I don’t pretend to be an expert in music (which is just as well, because if I did, I’d just embarrass myself), but I do know what music I like; I love me my Kanye, my Girls Aloud, anything I can get my groove on to in a nightclub, etc. So I thought I’d spread some love for songs which I feel need and deserve more attention!
The moving away (whether it be literally or emotionally) of a loved one is a topic that has often been covered in songs, but Singapore’s soft rhyming scheme, gentle poetry and the genius way it divides its verses up by girl in order of whom it suits the most, just really strikes a chord with me. The song didn’t even make the album cut when Chemistry was released, but later the producers must have realised the error of their ways when they released it on The Sound of Girls Aloud: Greatest Hits. Miranda Cooper, Brian Higgins, John Shave and Lisa Cowling, the songs writers really deserve commendation for the way they’ve written in the longing feeling of wishing time away without that loved one with us: “I'm watching day time TV / And wishing you were with me / I'm counting hours and days / Gotta stop believing what the movies say”
Memory of You (Girls Aloud)
Released as a B-side with The Loving Kind, Memory of You is so hauntingly beautiful that it damn near threatens to eclipse the song it’s meant to be supporting. Kimberley Walsh, who is criminally used on the majority of Girls Aloud songs, takes centre vocals here, with Nicola Roberts playing second hand, and the combination of electro-pop, elegiac lyrics (“surfing channels ‘til I bleach out the pain”) and beautiful themes of love and loss render it one of the most beautiful songs I’ve heard.
Whatever you Like (Anya Marina)
Good Foot (Justin Timberlake & Timbaland)
This song was in Shark Tale. It was also a song that loads of the good dancers in my secondary school got their groove on to, leading me to consider it somewhat of a swagger song. And you know how I like my swagger. Anyway, it’s a simple enough piece, about dudes dancing in a club, but it has some brilliantly arrogant lines like “I’m not being cocky, I just noticed that she was looking at me.” Get you, JT, get you!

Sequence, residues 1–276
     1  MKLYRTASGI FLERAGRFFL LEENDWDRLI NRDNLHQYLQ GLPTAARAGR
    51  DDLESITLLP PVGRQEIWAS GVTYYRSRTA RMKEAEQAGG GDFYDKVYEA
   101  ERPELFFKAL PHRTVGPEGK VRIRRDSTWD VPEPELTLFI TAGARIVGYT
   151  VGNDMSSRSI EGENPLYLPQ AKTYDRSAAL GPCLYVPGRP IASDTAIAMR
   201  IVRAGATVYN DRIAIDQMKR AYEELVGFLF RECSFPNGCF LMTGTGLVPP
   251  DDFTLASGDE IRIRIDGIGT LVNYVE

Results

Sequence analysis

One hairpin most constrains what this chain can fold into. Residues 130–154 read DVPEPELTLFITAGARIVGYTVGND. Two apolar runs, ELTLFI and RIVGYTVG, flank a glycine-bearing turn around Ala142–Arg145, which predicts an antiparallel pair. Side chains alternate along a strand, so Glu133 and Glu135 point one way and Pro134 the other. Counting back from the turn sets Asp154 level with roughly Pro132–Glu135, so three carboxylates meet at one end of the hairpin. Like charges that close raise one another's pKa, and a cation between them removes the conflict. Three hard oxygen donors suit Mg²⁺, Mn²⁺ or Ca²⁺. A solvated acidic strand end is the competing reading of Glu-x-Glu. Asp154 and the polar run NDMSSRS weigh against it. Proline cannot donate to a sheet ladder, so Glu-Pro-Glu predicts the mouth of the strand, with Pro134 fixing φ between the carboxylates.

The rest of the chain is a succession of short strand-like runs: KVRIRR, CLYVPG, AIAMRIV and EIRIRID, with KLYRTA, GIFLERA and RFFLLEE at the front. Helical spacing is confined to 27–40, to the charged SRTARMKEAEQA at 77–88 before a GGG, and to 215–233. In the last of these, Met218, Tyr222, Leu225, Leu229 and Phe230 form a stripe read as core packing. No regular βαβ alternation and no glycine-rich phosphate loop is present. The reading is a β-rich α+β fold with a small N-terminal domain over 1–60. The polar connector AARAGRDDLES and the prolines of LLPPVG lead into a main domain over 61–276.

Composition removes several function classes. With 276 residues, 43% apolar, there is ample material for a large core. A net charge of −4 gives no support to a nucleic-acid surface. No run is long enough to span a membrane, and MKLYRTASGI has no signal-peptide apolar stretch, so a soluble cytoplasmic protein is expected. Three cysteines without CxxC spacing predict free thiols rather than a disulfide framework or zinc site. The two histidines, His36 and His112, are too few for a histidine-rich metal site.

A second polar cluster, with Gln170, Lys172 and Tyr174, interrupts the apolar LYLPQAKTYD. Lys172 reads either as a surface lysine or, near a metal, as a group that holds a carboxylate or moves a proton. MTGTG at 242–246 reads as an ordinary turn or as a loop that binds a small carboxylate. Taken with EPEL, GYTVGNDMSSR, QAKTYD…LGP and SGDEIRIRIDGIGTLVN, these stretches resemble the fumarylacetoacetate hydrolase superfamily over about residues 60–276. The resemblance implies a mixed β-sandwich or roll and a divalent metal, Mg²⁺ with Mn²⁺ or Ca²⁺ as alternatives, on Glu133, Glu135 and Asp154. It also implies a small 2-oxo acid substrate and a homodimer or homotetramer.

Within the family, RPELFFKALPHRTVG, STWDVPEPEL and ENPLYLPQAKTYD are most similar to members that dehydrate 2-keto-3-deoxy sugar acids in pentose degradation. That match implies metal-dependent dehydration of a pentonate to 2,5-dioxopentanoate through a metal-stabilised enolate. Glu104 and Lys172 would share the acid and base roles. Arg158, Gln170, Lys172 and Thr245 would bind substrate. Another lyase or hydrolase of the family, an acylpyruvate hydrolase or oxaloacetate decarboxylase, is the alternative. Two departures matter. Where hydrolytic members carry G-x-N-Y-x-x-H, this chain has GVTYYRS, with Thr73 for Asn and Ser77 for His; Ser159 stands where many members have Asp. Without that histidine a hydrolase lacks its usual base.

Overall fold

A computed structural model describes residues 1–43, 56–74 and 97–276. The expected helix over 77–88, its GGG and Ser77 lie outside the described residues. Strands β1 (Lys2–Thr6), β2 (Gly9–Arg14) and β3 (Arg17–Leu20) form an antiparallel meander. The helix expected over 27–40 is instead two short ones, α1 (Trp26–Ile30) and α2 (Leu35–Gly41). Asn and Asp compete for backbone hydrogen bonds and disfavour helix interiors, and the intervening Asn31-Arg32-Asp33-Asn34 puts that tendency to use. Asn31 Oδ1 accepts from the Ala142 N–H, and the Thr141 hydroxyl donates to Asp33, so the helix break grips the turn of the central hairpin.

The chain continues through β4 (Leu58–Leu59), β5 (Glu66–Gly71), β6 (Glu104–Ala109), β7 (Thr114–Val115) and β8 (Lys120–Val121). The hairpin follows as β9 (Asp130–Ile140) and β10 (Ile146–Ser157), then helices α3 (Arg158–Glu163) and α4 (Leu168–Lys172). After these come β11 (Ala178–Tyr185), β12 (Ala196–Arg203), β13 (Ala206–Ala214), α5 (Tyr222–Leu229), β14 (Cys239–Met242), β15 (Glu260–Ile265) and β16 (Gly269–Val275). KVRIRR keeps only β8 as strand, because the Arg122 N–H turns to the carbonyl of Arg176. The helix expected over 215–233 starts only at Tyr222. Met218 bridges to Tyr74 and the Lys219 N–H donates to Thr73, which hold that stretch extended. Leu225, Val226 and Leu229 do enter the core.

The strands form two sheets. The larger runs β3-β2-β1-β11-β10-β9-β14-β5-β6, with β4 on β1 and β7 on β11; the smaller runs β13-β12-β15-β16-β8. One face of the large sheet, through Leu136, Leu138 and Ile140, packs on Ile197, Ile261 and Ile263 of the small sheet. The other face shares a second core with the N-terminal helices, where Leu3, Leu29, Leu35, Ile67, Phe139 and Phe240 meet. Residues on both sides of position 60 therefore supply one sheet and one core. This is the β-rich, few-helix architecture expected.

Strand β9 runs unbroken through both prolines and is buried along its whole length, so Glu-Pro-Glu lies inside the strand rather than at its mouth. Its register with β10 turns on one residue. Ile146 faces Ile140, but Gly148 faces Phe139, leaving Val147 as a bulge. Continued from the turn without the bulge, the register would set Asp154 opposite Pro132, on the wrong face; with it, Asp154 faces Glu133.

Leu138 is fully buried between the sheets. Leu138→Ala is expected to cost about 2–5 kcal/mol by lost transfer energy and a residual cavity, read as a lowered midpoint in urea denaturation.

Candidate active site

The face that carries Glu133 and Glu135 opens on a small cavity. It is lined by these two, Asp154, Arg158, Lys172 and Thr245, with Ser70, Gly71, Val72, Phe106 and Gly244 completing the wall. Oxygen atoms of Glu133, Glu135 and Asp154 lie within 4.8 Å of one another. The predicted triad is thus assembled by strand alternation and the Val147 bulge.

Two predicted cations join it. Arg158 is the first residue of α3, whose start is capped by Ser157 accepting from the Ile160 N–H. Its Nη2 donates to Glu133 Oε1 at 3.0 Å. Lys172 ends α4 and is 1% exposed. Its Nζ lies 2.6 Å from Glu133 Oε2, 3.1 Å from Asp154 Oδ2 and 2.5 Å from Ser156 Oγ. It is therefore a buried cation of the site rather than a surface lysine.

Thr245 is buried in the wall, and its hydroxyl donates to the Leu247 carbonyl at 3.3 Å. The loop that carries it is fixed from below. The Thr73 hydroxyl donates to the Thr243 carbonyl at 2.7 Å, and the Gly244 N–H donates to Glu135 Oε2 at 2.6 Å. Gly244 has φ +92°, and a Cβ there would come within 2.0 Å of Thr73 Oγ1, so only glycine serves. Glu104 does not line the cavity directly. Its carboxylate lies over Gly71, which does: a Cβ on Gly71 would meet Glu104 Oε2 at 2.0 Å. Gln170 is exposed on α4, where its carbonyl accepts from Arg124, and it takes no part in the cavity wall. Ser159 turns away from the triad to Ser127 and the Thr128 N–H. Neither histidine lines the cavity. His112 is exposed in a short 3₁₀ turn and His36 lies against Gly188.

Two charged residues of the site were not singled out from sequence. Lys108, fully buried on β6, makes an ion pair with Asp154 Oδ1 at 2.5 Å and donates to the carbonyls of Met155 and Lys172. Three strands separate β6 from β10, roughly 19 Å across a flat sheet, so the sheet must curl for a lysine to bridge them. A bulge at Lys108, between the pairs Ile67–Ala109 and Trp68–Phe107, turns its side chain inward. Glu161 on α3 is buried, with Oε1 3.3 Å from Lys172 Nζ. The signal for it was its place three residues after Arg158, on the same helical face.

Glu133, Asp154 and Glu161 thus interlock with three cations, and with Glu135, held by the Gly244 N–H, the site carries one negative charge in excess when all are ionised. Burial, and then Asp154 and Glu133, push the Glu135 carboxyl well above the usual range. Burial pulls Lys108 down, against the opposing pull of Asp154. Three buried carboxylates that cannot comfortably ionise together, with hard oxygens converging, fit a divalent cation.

Fix Up Look Sharp (Dizzee Rascal)
Yet another swagger song. Whilst Dance wiv Me got all the fame for the Calvin Harris connection, I would argue that this song was a helluva lot cooler. “Sweet as a nut, sweet as Tropicana” and “if you don’t believe me bring your posse bring your crew” are lines that I would under normal circumstances, roll my eyes at, but Bow-born Dizzee carries it off with, you’ve guessed it, swag.
Pennies in My Pocket (Emilio Estefan)
Although I was far from won over by Miami Vice, the film which the song appeared in, I can’t help but love the song itself, which has a catchy beat and cute lyrics. The lyrics in fact, I found, were quite hard to decipher, but that is perhaps much of the song’s charm, that it makes you work for it.
I am not My Hair (India.Arie)
Five years before Will Smith’s daughter was whipping her hair back and forth, India.Arie sang about the topic in a much more refined style. The remix with Akon gives the song some added sass. The litany of hair-related experiments always makes me smile, the line “success didn’t come until I cut it all off” highlights the superficial nature of society and India.Arie’s heartfelt delivery of the line “I am not my hair” absolutely carries the song.
Photographs (Rihanna ft. Will.i.am)
Aurally, this song sounds like another Will.i.am collaboration, with Cheryl Cole, Three Words. But I greatly favour Photographs and would go so far as to say it’s my favourite off the Rated R album. The song captures the yearning for a failed romance, and how the woman in it has been reduced to staring at photos of them, wishing they were real. I dig.
Good Old Fashioned Loved Boy (Queen) & Lullaby (Dixie Chicks)
Everybody wants to Rule the World (Tears for Fears)
I love Shout and Head over Heels, but this is probably my favourite Tears for Fears song. And I know one could refute it being an “underrated” song, as it did win Best Single at the Brits in 1986, but there doesn’t seem to be much love for it nowadays, or even from the band itself then. Which is shame, because despite the catchy nature of the song, the subject matter is deadly serious and deserves more attention; in the words of Curt Smith, “it's about everybody wanting power, about warfare and the misery it causes.”
Boys (Cheryl Cole)
The song was written by Adele, who’s cover of Make You Feel My Love stands as one of my favourite covers of all time, and it is so astute in capturing the mindsets of girls and boys, and how no matter how many times we get our hearts broken and how we should know better, girls still remain hopeful that love is out there. I like that.
Waking Up in Vegas (Katy Perry)
I tried to denounce the Katy Perry liking when she first came out, finding her a bit too bawdy and in your face. But, you know what? I’m bawdy and in your face, so it’s not like I can really talk?! Anyway, Waking Up in Vegas recounts a weekend in Vegas gone wrong, with hilarious consequences. Teenage Dream will by far and away be my favourite song of hers, but this is witty stuff.
November has Come (Gorillaz)
I love to try and rap along to songs, but the rapping in this song with its convoluted plays on words are so good that I am nowhere near conquering it. And Damon Albarn’s delivery of the chorus is some of his best work. A beautifully sad and nostalgic gem.
Jesus Walks with Me (Kanye West ft. Mase & Common)
So yeah, get listening! If you fancy a download of any of these, prod me and I'll get 'em uploaded for ya!